I am English and have been saving street dogs here for twelve years. I couldn't have put it better myself. It is heartbreaking and there is no national help available and very few donations from within Brazil. We are a registered ONG and rely on the first world to help us save lives. I have seen it all here from poisoning, stabbing, throwing dogs from car windows, leaving dogs in card board boxes in the middle of highways and multiple other ways of causing misery and harm to them. Vet bill are way too high so consequently nobody within the lower classes can afford spay or neuter and don't seem to have the capacity to keep their animals indoors to avoid pregnancy. Most don't even have fences for their dogs they are left roaming around to get run over or abused. We have 31 dogs at the moment. It's a drip in an ocean of misery. You save one dog then the next wave rolls in. dogs in Brazil,
On behalf of the entire Expat-blog Team and all of the members of the Brazil Forum, it is my great pleasure to welcome you on board.

You are to be commended for the work that you have chosen to do here, God knows it's much needed.

If there's anything that as Brazil Animator that I can do to help you please feel free to send me a private message at any time. In the meantime I invite you to post more details about your organization to this topic in hopes that our members will show their support for your efforts by making donations.

For all members who are animal lovers, I urge you to help out in any way you can. I'm sure that dogs in Brazil will agree that no assistance is to small to give.

God Bless!
William James Woodward - Brazil Animator, Expat-blog Team

Thank you so much and yes any help we can get: volunteers, donations, blankets, bowls, medications, collars, flea meds and worm meds are greatly appreciated. If you would like to come down and visit us then you are most welcome. We are in Nova Friburgo not so far from you. It's a real battle daily saving them and completely overwhelming. Please point anyone that loves animals in our direction and any fund raising ideas are always welcome. I came here to relax and have never worked so hard in all my life. Too many dogs are suffering. We have recently managed to get two dogs new homes in Canada. Finding decent homes here is difficult. Our next step is to send them to the USA as well. I would send them to Europe but the regulations are so strict that it cost a fortune and becomes off putting to potential adopters. Please we do need help.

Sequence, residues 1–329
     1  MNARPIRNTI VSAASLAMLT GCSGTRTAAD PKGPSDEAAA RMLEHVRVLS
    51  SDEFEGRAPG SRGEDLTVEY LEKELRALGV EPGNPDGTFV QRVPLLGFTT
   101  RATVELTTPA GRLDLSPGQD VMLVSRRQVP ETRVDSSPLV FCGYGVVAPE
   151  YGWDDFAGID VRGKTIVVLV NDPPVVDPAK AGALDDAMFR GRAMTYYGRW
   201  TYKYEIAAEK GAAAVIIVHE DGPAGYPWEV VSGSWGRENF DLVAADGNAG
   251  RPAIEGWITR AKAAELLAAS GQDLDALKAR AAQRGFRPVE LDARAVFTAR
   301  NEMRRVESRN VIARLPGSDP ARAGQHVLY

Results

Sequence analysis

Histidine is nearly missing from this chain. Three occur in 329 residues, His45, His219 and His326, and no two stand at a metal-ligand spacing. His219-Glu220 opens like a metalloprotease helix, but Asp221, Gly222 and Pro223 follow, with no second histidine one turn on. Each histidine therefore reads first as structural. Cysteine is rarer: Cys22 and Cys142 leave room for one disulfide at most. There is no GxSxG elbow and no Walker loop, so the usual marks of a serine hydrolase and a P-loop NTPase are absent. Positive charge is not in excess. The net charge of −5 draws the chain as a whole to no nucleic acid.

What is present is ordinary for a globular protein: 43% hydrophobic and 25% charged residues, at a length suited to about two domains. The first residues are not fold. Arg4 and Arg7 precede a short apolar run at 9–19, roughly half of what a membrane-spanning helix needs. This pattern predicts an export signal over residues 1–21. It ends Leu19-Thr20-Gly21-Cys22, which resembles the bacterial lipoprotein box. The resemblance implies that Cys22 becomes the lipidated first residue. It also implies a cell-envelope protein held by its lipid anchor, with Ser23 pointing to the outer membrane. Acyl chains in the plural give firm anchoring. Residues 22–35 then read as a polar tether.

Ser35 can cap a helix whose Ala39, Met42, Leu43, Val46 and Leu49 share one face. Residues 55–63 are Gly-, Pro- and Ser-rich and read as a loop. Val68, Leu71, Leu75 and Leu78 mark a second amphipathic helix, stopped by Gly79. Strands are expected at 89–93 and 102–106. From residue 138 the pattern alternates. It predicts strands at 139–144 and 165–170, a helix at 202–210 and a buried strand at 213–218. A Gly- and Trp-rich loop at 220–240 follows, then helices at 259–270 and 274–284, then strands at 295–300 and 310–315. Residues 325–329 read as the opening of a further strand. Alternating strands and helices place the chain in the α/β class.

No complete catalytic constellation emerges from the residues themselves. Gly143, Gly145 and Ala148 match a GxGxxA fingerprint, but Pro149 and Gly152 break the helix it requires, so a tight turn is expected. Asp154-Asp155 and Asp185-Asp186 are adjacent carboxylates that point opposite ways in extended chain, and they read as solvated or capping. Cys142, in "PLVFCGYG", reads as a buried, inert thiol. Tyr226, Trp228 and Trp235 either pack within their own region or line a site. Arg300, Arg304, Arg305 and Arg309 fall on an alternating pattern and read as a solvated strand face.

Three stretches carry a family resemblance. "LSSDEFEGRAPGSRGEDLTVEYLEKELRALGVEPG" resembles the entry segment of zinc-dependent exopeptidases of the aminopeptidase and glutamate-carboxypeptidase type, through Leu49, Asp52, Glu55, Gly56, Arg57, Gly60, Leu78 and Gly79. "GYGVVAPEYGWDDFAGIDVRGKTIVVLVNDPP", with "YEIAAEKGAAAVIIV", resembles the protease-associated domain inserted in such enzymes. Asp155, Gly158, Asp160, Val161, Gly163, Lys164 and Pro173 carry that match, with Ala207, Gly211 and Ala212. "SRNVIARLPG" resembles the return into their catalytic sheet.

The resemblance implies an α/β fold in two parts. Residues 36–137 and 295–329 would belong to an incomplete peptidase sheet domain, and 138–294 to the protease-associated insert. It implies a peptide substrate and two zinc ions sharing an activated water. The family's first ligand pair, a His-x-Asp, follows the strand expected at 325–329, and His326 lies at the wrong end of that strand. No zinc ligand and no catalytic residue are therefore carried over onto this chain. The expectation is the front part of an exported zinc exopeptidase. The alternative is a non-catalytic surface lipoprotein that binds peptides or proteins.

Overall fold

Hi again,

Does your organization have a website? If so please post a link here. I'm sure you will get some help. When I have some free time I will certainly take you up on your invitation to visit and you can count on me to post a complete report on the visit for all of our members.

William James Woodward - Brazil Animator, Expat-blog Team

dogsinbrazil.comave a bog here. This is a humorous and didactic look at life here told by one of our dogs http://www;
we have a facebook page here and our official websites and still under construction. We look forward to meeting you. I have been to Macae twice. I must say though I prefer the mountain life up here. It's awesome! 

posted sites but says link under review???

dogs in Brazil wrote:

posted sites but says link under review???

Sorry about that, the Expat-blog Administration in Mauritius reviews all outside links. Once they have checked them out they get posted.


Sadly,this happens in soooo many parts of the world.Getting pets fixed and getting pets from shelters and not from breeders helps a lot too ! Educating people too .I have known several Brazilian girls to get a puppy and in 6 months to a year.I ask where is your puppy.Oh, I gave it to a friend or it got sick and died.In reality they just let it go in the county !  It just pisses me off !!!!!! God see's all!!!!!!!!